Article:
Sunday, November 2, 2008

From the Mouths of Babes. . .Kids and Politics. . .

My son’s political t-shirt arrived in the mail last week, announcing who he wanted for president.

Never mind that he’s 11-years- old and cannot vote for seven years.

He’s worn it every day since its arrival. At least my son makes sure it gets into the washer every day (or two).

At Bingo night at my kids’ school, a few moms came up to me who had seen my son wearing his t-shirt and said, “Good for Micki. That is so bold.”

A recent YouTube entry from Ron Clark Academy illustrates how bold and fun kids can be about politics -

But, I am the chicken. . .

As an adult I have been tamed by the realization that you have to be careful of partisan politics as they have become so divisive. In some cases, friendships have been severed. But, refreshingly, for kids it’s just another day at school.

Like asking which baseball team you are cheering on. It’s a playful nod to your favorite team then you move on.

A friend of mine said she was listening to her 10-year-old son’s conversation with another 10-year-old while carpooling to sports practice.

The conversation went something like this: “So, who are you voting for?”

“McCain,” one says.

“Don’t you want change?” the other says, and this mom friend of mine is listening and just cracking up inside.

The next minute the kids are talking about the upcoming game they will have on the weekend and homework that is due the next day and setting up a time to play after school.

I recently chaperoned a field trip for my fifth grade son and the boys were playing on their Nintendo DS’s and somehow they were messaging each other on these DS’s as to which candidate they wanted.

It was “NoCain” then “NoBama” and my son was hiding from me what he was doing, and when I finally figured it out, I chuckled inside, and just laughed and said, “Make sure it is nice comments.” The kids were fine about it all.

A month ago, my grade school children put a presidential bumper sticker on my husband’s car. The bumper sticker was given to them by their cousins. Neither my husband nor I really wanted it there, but our kids were so excited about it we did not have the heart to take it off.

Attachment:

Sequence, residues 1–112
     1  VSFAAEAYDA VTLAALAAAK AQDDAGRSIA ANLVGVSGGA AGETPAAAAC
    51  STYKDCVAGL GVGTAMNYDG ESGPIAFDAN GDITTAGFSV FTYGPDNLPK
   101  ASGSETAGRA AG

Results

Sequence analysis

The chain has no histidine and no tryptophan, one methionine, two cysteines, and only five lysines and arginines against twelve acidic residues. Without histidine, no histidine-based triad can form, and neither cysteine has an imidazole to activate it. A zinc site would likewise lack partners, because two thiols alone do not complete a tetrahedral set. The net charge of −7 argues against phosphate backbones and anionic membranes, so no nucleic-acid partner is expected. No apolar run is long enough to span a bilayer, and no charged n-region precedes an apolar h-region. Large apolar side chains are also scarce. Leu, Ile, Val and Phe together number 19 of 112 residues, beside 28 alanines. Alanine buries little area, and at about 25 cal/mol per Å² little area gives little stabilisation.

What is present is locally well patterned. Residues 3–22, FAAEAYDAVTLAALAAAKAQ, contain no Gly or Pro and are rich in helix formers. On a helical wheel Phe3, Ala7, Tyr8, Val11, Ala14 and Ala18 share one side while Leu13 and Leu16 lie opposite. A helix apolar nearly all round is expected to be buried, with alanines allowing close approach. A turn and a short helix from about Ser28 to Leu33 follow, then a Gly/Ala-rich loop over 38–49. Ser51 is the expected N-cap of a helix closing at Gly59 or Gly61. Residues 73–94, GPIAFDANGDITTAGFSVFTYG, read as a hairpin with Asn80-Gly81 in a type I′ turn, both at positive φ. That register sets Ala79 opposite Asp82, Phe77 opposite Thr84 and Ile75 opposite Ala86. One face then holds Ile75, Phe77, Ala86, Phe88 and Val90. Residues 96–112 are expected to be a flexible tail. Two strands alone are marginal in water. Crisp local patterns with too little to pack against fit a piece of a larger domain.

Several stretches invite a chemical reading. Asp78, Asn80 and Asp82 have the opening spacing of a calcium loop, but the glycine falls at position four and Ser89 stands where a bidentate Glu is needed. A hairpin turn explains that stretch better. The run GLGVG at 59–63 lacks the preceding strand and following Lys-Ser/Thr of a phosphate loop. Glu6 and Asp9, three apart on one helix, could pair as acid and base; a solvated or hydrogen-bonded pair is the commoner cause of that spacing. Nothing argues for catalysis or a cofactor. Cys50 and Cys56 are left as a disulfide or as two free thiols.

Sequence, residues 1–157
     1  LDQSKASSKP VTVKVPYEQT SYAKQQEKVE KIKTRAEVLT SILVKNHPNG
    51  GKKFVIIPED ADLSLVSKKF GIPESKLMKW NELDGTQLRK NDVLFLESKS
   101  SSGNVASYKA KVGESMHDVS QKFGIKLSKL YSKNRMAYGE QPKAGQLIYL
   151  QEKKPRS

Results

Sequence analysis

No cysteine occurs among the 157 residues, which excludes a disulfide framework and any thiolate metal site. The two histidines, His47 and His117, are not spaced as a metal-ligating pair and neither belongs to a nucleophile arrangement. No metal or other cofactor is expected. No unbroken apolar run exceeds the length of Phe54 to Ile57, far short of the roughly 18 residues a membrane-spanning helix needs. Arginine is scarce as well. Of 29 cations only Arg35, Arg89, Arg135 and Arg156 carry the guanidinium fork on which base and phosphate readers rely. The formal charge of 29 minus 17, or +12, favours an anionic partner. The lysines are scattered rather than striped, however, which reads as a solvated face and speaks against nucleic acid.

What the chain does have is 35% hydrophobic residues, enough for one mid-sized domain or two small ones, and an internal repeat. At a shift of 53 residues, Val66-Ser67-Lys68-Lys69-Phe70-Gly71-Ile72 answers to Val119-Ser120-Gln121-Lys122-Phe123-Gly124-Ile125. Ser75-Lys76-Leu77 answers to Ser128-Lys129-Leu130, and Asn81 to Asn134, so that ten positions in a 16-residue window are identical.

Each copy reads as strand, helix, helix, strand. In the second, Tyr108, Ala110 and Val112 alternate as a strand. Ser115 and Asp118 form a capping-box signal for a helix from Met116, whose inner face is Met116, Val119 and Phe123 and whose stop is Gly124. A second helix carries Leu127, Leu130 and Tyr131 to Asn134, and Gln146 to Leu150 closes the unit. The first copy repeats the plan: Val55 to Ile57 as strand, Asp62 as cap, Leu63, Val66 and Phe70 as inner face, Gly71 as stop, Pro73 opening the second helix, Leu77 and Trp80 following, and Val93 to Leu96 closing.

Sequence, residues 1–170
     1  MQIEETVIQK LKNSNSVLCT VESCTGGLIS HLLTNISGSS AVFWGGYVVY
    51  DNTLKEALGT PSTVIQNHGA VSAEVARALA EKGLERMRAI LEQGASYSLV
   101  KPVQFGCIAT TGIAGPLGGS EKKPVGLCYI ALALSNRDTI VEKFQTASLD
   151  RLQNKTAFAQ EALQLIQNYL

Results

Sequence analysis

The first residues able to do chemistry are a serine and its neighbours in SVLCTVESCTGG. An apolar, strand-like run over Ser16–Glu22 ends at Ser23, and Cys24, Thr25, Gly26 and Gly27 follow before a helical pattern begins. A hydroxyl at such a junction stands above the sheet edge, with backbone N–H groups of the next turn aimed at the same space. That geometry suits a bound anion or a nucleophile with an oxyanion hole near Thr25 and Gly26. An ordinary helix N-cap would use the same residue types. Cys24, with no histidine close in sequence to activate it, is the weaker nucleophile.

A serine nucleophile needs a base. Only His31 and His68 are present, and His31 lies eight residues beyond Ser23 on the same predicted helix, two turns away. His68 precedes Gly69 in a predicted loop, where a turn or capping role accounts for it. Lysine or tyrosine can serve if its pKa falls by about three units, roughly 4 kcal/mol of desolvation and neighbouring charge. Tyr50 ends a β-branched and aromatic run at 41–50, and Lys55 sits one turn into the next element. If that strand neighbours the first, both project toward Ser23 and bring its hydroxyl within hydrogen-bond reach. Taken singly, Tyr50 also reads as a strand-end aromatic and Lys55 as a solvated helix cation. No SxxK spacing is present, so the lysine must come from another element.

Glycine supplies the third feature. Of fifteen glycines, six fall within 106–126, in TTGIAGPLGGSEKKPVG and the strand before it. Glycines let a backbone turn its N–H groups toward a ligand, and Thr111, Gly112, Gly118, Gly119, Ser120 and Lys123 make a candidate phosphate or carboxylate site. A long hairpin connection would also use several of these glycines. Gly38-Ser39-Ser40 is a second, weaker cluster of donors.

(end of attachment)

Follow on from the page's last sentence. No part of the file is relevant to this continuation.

But, I confess, I park backwards in our driveway so no one can see the bumper sticker. Do I sound like a coward, or what? It goes back to having some negative experiences in my past, so I am avoiding them right now.

However, in high school, I was bold to stand up for a candidate who was not very popular in the polls – or in the school hallways -- but ended up winning the presidency, and years later he is a respected president. Though I got flack for it back then, I stood my ground, along with one other friend of mine.

That is why I find my son’s innocent campaigning for a candidate quite refreshing. Seeing a child stick up for something they believe in is fun, as long as they are aware they need to do it respectfully.

Maybe we could learn from our children’s simplicity, and be able to state our opinions about political topics, then have a play date the following day.


Fantastic Forrest said...

I wish all the comments were so innocent. My son was extremely depressed at the hatred some of his schoolmates voiced after the election. He heard statements like "He doesn't belong there, it's the WHITE House," and "It doesn't matter that he won because someone will kill him and then we'll get a decent president."

Civility is an endangered species. Actually, I'd say respect for humanity is endangered. :(

Cornelia Becker Seigneur said...

wow, Holly, that is so sad - how did you handle this? I heard of another girl who was called a racist for wearing a McCain t-shirt, a 12 year old said this to a 12 year old. You know these kids from both sides must be hearing these things from their parents which makes it even worse. Hopefully kids can think for themselves. My parents, once republicans, were against the war before it was cool to be against th war and they instilled in u s a thinking for ourselves mentality for which I am grateful. My inlaws are dems and voted for Bush senior but now for refreshhing, to be able to think outside our party line. I believe now that no matter how people voted, we need to support our president...and as you say, have respect for humanity...


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